Last week, Saudi Arabia bought its first drone fleet, according to a dispatch from Tactical Reports. Saudi Crown Prince Salman met with Chinese General Wang Guanzhong to sign a contract for a shipment of Chinese Wing Loong drones, also known as Pterodactyls. The drones that make up the shipment are designed to mimic America's Predator drone, with surveillance capabilities and enough lift to carry two matched air-to-ground missiles.

Drones are available to whoever can pay for them

If the report is true, it means Saudi Arabia may have joined an exclusive club, one of the few nations with armed, unmanned aircraft. It's a group that, to date, includes just the US, Britain, Israel, China, and (depending who you ask) Iran — but beyond those countries, the capability is increasingly available to whoever can pay for it. At the Singapore Air Show earlier this year, both Israel and China were showing off their wares to would-be clients, including the Pterodactyl drone named in the report, and you could find similar displays at dozens of other air shows. With American counterterrorism efforts providing an ongoing test of how valuable the machines can be, there are lots of countries willing to buy.

"The American monopoly on drones is over."

The US is still responsible for the vast majority of drone strikes, but that may have more to do with politics than capability. A GAO report from 2012 found that more than 75 countries have some form of drone system. Most are unarmed but some, like the systems used in Australia, Japan, and Singapore, could be retrofitted for military purpose. More importantly, the US’ use of drones — more than 50 strikes in 2013 alone — seems to have whetted a global appetite for combat drones. "If you think of this as part of a broader trend of the proliferation of military robotics, then the idea that we were going to have a monopoly on this kind of technology was always a bit far-fetched," says University of Pennsylvania political scientist Michael Horowitz. "The American monopoly on drones is over and probably never really existed."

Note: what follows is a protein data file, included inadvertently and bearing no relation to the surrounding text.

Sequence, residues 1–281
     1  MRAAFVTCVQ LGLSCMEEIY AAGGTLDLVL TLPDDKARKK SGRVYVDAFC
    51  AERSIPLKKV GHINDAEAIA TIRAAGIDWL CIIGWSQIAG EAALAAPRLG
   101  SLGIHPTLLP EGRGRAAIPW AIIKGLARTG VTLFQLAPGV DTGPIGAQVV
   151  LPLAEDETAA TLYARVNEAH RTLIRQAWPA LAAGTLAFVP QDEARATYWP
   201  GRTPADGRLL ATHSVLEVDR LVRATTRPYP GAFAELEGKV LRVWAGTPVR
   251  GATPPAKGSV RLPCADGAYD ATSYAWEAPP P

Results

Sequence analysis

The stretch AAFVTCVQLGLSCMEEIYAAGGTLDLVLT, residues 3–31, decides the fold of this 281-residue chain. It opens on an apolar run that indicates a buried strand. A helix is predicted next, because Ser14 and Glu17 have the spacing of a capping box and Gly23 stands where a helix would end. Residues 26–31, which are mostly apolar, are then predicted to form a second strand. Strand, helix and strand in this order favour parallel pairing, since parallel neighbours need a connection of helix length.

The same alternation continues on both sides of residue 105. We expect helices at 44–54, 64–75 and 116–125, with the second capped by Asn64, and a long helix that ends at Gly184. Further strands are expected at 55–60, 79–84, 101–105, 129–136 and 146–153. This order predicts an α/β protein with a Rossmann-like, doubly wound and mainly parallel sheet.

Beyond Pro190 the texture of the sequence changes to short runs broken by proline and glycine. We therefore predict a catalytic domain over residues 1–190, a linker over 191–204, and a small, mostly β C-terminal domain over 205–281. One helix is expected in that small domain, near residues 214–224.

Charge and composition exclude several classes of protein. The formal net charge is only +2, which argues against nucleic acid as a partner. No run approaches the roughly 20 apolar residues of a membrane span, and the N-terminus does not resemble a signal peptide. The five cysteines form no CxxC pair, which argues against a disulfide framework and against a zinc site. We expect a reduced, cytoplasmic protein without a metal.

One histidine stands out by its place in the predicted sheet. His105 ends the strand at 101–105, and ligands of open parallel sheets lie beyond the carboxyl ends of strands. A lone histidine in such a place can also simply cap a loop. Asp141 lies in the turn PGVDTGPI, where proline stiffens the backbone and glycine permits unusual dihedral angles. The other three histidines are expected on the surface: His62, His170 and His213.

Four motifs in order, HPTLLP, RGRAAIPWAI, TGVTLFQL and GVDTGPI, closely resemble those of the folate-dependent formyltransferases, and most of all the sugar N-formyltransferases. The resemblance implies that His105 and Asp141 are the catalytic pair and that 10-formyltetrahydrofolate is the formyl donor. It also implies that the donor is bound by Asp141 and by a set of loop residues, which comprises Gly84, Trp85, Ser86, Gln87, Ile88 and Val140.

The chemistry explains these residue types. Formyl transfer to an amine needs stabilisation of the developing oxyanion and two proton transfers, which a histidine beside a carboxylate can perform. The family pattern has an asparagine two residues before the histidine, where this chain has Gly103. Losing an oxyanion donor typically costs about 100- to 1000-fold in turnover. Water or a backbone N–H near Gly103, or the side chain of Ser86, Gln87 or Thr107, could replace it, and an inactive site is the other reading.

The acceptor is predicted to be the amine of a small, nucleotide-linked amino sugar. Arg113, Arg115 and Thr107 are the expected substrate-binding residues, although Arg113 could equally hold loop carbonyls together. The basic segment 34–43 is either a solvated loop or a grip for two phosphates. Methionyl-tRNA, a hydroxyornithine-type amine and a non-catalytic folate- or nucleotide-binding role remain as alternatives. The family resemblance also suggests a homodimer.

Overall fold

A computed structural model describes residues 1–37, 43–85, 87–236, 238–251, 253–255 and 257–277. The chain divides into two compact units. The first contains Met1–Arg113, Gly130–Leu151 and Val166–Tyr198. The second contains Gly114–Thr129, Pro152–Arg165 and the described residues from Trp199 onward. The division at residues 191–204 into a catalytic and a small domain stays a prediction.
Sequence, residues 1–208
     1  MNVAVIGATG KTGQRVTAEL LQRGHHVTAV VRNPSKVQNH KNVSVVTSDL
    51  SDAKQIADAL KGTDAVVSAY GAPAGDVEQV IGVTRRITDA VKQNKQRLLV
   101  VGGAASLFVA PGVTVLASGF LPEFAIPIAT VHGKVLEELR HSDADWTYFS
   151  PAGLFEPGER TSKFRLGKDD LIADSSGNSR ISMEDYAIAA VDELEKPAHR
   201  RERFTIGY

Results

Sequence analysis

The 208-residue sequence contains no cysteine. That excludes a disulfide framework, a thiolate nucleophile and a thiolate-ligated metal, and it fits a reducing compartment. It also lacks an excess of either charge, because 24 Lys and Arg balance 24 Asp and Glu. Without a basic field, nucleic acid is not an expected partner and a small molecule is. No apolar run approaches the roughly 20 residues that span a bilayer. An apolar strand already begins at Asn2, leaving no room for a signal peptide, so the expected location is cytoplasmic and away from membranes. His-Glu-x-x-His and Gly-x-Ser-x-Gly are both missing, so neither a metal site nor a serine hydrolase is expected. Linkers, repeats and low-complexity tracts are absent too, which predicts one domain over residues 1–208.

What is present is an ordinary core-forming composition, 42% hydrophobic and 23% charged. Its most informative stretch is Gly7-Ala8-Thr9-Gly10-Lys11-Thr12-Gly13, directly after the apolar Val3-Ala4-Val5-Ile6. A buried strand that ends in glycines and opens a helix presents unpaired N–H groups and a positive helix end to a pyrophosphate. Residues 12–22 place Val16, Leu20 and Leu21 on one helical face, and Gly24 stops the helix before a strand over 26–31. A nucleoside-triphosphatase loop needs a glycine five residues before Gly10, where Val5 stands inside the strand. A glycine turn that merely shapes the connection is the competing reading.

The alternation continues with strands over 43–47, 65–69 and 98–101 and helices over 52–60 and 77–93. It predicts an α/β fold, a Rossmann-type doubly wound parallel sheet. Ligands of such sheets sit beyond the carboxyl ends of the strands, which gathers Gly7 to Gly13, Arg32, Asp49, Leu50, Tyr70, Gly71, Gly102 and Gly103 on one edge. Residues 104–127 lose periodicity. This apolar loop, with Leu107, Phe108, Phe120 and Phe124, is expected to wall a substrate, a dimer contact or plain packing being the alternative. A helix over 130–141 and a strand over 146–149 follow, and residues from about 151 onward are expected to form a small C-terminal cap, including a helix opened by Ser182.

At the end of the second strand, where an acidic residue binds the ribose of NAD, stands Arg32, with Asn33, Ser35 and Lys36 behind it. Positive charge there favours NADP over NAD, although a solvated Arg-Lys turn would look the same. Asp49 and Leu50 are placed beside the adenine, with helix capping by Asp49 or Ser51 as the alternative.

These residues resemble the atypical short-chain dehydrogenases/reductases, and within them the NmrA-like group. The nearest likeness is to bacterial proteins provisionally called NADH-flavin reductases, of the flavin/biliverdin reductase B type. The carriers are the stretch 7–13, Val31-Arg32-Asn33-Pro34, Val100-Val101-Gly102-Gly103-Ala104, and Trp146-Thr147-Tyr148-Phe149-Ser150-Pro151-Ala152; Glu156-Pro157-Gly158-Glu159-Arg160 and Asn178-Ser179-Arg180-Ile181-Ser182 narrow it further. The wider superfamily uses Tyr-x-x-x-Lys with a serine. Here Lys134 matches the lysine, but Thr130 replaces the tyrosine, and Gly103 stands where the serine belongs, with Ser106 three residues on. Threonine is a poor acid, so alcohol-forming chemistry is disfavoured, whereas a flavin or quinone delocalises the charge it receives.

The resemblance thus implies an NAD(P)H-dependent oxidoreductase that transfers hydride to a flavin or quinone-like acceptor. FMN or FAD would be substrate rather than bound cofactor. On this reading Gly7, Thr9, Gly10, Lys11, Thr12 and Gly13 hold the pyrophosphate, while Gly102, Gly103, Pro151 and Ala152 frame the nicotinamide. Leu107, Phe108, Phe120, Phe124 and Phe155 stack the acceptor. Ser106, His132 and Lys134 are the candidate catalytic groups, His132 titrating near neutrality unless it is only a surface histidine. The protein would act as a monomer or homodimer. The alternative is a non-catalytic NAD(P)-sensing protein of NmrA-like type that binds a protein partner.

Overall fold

Israel exported $4.6 billion in drone systems over seven years

International trade barriers have slowed down the spread, but they haven’t stopped it. For US companies, combat drones are controlled under the same agreement as cruise missiles, through an association called the Missile Technology Control Regime. But China and Israel aren't part of the group, and the two countries have begun aggressively marketing drone systems to outsiders eager to keep up with US capabilities. One report from the consulting firm Frost & Sullivan estimated that Israel had exported $4.6 billion in drone systems between 2005 and 2012.

Experts also say Saudi Arabia has previously demonstrated both the interest and the budget for this kind of purchase. "Saudi Arabia and smaller countries like the UAE are trying to get their hands on whatever they can, and the US has pretty restrictive export policies," says Cornell University professor Sarah Kreps, who studies drone proliferation. The result leaves China as one of the only sources available in town.

"Saudi Arabia and...the UAE are trying to get their hands on whatever they can."

One of the biggest questions is whether the new generation of foreign drones can match US capabilities. "We don't know at all about the quality of the pterodactyl," Kreps cautions, "these aren't combat-tested." Since unmanned aircraft rely so heavily on satellite and communications infrastructure, it’s hard to tell from the craft alone how well it will perform in the field. The Pterodactyl is also typically sold for a fraction of the price of the Predator, which has only fueled skepticism.

But even if China needs help to bring its drones up to US standards, that expertise may not be hard to find. UAVs are built on mostly commercial technology, drawing from the robotics and aviation industries. That’s much harder to keep under wraps than military tech like warheads or missiles. As long as there’s a market, there’ll be an incentive to build cheaper and more powerful drones, and the club of drone-armed countries will continue to grow. As Horowitz puts it, "What we know about the history of military technology suggests it will be really difficult to keep a lid on this."